Faster, Better Emergency Response Using 'Information Agents'
Information agents are pieces of software that can acquire and process real-time data collected from sensor networks in order to support situational awareness and operational decision-making.
With BAE Systems and Engineering and Physical Sciences Research Council (EPSRC) funding, the five-year ALADDIN programme involves scientists from BAE Systems and the universities of Southampton, Bristol, Oxford and Imperial College London.
A key aim of the project is to improve the way emergency services deal with and respond to major transport accidents, terrorist attacks and earthquakes, for instance - incidents typically characterised by confusion and uncertainty.
The agents make it possible to access and distribute, via PC, laptop or mobile, robust, up-to-the-minute data on the developing situation.
They also help emergency services to access key background information (such as specific details on the construction of the building where an emergency is occurring), as well as helping teams to co-ordinate activities more closely, even when they are on the move.
The information agents could be in widespread use in emergency response situations within the next three years. A live implementation of the software is already running (see http://www.aladdinproject.org/situation/).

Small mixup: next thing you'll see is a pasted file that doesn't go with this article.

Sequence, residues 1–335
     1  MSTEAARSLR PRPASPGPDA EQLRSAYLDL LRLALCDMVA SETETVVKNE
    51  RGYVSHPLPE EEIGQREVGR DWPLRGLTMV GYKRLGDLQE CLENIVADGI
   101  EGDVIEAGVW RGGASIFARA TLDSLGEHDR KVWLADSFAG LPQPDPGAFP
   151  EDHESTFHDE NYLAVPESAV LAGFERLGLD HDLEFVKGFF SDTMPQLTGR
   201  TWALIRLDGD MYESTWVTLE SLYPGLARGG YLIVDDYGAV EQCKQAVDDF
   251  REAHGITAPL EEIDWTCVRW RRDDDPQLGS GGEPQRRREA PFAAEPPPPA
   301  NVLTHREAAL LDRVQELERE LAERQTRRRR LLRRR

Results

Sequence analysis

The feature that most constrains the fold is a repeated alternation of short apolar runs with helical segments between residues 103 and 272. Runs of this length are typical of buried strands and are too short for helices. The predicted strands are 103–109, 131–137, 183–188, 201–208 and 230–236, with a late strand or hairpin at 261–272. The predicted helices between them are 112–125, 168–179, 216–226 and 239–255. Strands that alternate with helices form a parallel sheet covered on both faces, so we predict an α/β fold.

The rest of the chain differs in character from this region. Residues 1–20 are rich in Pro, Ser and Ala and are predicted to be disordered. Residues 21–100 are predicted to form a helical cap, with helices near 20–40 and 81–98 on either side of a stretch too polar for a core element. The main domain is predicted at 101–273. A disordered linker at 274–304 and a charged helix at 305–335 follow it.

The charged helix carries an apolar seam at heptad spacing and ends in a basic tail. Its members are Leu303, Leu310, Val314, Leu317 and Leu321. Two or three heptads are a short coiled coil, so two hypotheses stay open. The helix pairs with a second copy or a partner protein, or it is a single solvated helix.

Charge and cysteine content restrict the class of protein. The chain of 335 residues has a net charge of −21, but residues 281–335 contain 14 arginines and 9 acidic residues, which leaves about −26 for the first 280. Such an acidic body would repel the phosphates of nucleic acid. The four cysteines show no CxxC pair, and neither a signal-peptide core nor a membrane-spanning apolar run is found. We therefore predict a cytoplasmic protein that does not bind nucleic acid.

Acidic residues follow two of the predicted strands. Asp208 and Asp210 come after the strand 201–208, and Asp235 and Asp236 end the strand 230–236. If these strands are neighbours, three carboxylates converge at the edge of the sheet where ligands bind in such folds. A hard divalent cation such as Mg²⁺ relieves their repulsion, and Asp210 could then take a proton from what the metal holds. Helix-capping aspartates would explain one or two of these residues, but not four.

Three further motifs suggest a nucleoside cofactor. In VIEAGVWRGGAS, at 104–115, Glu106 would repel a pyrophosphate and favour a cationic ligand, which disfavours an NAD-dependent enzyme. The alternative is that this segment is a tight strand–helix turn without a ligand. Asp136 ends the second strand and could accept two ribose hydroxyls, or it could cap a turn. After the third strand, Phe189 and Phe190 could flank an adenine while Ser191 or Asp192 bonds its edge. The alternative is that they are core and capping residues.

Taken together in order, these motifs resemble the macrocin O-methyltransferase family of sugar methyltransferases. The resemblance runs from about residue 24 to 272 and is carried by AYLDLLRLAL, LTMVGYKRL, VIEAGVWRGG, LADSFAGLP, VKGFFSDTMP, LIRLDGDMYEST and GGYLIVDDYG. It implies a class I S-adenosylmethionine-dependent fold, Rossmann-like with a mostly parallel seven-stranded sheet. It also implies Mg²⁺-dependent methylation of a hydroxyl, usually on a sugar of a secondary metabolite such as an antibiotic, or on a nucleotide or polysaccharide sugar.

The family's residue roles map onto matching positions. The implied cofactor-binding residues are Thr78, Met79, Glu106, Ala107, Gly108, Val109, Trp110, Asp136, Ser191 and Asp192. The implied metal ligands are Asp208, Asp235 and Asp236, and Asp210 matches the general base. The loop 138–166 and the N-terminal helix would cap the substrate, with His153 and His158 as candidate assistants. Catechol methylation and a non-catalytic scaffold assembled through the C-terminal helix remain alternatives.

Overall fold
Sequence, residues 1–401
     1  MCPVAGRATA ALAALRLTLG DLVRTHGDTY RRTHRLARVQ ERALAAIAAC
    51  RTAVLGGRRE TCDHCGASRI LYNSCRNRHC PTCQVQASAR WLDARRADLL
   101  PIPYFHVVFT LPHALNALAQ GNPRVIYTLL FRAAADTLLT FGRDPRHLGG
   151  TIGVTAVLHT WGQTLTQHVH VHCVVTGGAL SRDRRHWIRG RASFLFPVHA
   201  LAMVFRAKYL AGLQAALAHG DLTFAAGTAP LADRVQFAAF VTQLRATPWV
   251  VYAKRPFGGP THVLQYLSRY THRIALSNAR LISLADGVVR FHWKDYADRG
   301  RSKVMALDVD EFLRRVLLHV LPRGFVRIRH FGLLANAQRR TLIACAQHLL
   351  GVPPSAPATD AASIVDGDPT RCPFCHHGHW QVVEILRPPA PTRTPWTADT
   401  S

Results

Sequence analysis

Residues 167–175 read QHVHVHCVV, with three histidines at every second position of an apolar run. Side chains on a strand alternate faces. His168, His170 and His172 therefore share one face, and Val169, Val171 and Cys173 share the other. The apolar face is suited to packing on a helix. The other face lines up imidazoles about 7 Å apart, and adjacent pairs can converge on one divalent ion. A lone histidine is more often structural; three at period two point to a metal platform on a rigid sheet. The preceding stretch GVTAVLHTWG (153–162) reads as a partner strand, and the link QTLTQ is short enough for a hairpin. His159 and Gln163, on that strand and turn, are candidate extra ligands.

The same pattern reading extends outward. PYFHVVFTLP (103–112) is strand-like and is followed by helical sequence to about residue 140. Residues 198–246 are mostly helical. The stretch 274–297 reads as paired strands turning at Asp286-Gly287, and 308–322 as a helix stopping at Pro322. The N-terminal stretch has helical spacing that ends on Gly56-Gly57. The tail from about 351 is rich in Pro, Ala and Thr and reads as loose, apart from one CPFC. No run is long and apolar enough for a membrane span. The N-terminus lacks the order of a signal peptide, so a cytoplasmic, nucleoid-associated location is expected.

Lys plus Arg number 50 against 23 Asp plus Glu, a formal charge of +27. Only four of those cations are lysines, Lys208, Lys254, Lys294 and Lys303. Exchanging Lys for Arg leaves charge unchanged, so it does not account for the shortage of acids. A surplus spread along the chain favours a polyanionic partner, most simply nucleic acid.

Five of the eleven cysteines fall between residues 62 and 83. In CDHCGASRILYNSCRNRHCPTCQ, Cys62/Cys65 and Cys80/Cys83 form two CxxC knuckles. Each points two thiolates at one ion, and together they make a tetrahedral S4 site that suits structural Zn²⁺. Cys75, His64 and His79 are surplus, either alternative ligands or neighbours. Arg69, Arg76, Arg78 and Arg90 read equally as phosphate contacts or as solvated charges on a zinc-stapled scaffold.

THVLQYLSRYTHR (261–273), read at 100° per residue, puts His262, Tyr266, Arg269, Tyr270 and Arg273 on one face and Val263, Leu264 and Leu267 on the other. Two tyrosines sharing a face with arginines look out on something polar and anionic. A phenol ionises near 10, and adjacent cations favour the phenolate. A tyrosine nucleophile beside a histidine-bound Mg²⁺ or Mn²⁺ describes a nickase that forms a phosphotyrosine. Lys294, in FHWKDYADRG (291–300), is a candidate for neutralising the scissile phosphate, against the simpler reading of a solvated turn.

ALADDIN stands for 'Autonomous Learning Agents for Decentralised Data and Information Networks'. This £6 million programme is due to conclude next year. For more information on the full breadth of its objectives, see http://www.aladdinproject.org
The 'EnAKTing the Unbounded Data Web' initiative will carry out fundamental research into new web capability generated by Semantic Web technologies. It will also play an important role in helping to establish the new discipline of Web Science as a mainstream academic subject.
The EnAKTing project team includes Professor Sir Tim Berners-Lee, inventor of the World Wide Web, and Professor Dame Wendy Hall, one of the world's leading computer scientists.
Professor Nigel Shadbolt of the University of Southampton, Research Director of the Web Science Research Initiative, says: "The way the web works and the benefits it delivers in critical fields of modern life are continuing to make major strides forward."
AKT stands for 'Advanced Knowledge Technologies'.
The Engineering and Physical Sciences Research Council (EPSRC) is the UK's main agency for funding research in engineering and the physical sciences. EPSRC invests around £740 million a year in research and postgraduate training, to help the nation handle the next generation of technological change. The areas covered range from information technology to structural engineering, and mathematics to materials science. This research forms the basis for future economic development in the UK and improvements for everyone's health, lifestyle and culture. EPSRC also actively promotes public awareness of science and engineering. EPSRC works alongside other Research Councils with responsibility for other areas of research. The Research Councils work collectively on issues of common concern via Research Councils UK. Website address for more information on EPSRC: http://www.epsrc.ac.uk/
Contact: Dan Stern
Engineering and Physical Sciences Research Council
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